Hellstrom: Evil Origins

Writer / Artist
Hellstrom: Evil Origins
Hellstrom Evil Origins review
  • North American Publisher / ISBN: Marvel - 978-1-3029-2516-1
  • Release date: 2020
  • UPC: 9781302925161
  • Contains adult content?: no
  • Does this pass the Bechdel test?: no
  • Positive minority portrayal?: no
  • CATEGORIES: Supernatural

As the 1970s became the 1980s it dawned on Marvel that having one their characters called Son of Satan, was perhaps not commercially advisable, and from then on Daimon Hellstrom has either been marketed under his own name, or as Hellstorm. Either way, this weirdly random selection of reprints from the 1970s was punted out to provide something to coincide with the 2020 Hellstrom TV series.

It’s mediocrity almost all the way, with Hellstrom barely appearing in the Ghost Rider material by Gary Friedrich preceding a full introduction followed by an origin explaining how Hellstrom came to be the Son of Satan. The four chapters are mired in horror cliché, and artists Tom Sutton, Jim Mooney and Herb Trimpe ensure there’s an accompanying lack of atmosphere.

Next Chris Claremont has to spend several pages summarising issues not reprinted here before giving Hellstrom an emotionally overwrought reunion with his sister. While Sal Buscema is a reliable superhero artist, he’s not at his best with horror.

It can’t be said of Russ Heath, this collection’s standout artist (sample left). He mixes creepy creations with creatively disturbing horrors as per the sample page, but his imagination isn’t matched by writer John Warner who has Hellstrom tempted and then reveals it was all a dream. Oh dear. It was also the last solo Hellstrom for around a decade.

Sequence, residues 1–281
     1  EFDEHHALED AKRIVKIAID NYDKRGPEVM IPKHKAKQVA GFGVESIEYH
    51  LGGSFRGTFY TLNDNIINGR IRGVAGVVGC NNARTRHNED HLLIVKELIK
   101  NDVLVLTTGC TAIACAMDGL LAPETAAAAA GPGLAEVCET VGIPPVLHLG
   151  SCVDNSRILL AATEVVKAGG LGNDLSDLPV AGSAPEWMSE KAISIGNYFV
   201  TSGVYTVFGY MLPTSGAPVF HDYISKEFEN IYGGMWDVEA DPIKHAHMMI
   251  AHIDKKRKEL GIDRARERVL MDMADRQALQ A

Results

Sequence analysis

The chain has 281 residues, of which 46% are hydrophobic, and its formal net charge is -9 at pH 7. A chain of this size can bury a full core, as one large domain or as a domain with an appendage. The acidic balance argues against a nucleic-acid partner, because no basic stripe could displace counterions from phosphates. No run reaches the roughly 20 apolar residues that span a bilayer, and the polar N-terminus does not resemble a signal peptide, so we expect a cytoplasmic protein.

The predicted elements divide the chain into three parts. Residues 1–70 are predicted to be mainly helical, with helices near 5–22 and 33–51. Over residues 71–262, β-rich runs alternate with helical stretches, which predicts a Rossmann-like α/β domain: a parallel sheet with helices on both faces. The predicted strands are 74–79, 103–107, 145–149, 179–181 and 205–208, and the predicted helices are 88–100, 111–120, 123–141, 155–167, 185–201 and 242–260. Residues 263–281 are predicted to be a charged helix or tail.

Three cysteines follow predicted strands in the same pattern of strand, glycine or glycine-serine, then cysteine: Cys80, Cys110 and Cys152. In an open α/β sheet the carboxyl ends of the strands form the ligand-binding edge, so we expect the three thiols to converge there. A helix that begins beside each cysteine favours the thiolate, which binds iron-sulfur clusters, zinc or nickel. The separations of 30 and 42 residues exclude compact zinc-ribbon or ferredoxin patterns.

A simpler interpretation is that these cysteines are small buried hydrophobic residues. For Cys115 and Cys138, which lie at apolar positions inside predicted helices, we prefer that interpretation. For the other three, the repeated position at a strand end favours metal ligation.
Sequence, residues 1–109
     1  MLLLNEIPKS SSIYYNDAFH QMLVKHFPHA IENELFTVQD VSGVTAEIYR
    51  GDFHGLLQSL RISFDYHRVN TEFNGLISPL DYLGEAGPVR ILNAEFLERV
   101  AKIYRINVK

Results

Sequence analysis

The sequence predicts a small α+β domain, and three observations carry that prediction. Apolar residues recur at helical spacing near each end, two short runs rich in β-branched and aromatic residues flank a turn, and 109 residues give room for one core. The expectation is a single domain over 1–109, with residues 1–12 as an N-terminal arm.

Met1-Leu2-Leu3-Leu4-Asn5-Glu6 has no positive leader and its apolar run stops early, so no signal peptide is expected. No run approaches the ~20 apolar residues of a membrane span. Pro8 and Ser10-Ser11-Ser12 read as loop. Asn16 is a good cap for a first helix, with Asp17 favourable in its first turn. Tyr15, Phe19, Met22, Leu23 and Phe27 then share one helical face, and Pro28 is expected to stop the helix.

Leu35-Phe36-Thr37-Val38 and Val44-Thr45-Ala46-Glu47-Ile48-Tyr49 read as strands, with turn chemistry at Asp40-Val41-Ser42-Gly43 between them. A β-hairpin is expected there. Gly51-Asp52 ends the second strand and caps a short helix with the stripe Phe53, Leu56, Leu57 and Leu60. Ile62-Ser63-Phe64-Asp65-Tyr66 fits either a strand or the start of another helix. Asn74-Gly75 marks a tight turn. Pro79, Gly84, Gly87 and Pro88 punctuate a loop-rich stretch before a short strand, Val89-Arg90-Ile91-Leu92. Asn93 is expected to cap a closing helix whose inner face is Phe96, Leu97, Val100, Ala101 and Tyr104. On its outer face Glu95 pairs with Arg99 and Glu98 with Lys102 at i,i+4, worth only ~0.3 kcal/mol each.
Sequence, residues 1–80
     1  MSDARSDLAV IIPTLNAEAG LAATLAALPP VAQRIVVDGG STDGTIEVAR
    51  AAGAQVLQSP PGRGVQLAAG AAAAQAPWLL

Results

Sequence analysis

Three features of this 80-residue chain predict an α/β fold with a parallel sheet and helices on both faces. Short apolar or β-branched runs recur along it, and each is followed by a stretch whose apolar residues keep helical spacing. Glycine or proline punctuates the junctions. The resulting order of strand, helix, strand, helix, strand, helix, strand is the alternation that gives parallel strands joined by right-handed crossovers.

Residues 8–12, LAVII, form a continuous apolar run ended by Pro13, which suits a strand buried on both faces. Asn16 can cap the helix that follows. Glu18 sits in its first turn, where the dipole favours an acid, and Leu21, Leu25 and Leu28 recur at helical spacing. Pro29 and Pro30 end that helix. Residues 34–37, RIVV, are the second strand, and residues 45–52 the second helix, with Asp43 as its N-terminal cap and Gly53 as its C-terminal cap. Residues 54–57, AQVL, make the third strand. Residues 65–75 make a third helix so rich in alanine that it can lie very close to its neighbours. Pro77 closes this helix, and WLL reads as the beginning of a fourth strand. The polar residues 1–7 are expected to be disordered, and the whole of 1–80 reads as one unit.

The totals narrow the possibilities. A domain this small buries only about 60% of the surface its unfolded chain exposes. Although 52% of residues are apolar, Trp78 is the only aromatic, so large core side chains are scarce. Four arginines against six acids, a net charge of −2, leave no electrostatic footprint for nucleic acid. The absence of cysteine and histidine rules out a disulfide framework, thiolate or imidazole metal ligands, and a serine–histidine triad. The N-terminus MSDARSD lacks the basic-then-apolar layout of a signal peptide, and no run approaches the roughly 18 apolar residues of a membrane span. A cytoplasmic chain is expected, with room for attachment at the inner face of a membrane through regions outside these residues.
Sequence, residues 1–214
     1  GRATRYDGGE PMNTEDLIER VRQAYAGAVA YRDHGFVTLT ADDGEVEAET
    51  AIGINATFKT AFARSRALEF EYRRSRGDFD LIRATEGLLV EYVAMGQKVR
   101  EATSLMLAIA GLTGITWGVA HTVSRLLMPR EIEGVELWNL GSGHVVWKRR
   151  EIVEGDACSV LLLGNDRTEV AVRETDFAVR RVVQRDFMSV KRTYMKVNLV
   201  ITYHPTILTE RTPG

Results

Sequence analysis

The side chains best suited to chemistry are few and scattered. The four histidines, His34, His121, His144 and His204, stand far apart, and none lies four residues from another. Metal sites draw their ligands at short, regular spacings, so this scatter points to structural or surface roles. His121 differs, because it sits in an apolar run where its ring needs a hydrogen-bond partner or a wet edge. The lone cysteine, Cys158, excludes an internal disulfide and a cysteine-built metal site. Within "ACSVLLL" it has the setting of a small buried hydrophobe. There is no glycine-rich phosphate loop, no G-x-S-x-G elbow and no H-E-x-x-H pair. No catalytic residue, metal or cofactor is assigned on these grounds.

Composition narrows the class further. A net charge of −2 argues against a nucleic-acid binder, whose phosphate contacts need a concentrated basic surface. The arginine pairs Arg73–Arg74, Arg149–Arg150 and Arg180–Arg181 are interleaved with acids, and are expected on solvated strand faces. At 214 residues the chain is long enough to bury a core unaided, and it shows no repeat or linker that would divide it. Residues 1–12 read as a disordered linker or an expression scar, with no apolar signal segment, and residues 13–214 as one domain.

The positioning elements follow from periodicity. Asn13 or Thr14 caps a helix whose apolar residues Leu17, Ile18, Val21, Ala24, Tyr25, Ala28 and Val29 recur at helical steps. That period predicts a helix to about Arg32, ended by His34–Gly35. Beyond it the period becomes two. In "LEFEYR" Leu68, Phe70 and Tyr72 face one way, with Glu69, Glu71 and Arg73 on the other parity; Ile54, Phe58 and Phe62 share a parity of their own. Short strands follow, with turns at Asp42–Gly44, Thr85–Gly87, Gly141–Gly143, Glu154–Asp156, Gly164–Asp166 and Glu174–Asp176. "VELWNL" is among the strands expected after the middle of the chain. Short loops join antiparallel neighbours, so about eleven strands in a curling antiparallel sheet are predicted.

That accounts for Evil Origins being rounded out by three Defenders stories in which Hellstrom plays a part. Head back to the days when Doctor Strange was still with Clea, the Hulk was simple, and Nighthawk not that far off a Marvel headliner. Get past some very ordinary art from Don Perlin (sample right), and J. M. DeMatteis provides a couple of spiritually interesting stories, the first less relevant to Hellstorm himself, and the second a journey within before an old Marvel villain. They’re not masterpieces (although may seem that way compared to the remainder of Evil Origins), but are readable if you accept they’re team rather than solo stories.

Randomly skimming through the early years in this manner does reveal there’s no cohesive vision of what Hellstrom should be, and none of them match the TV show identity. Here he’s the tortured Son of Satan, but later he’d be given greater definition.

All bar the Defenders material is found in the more Hellstrom-oriented The Son of Satan Classic along with more from Warner and the chapters prior to Claremont, which form the best of the run.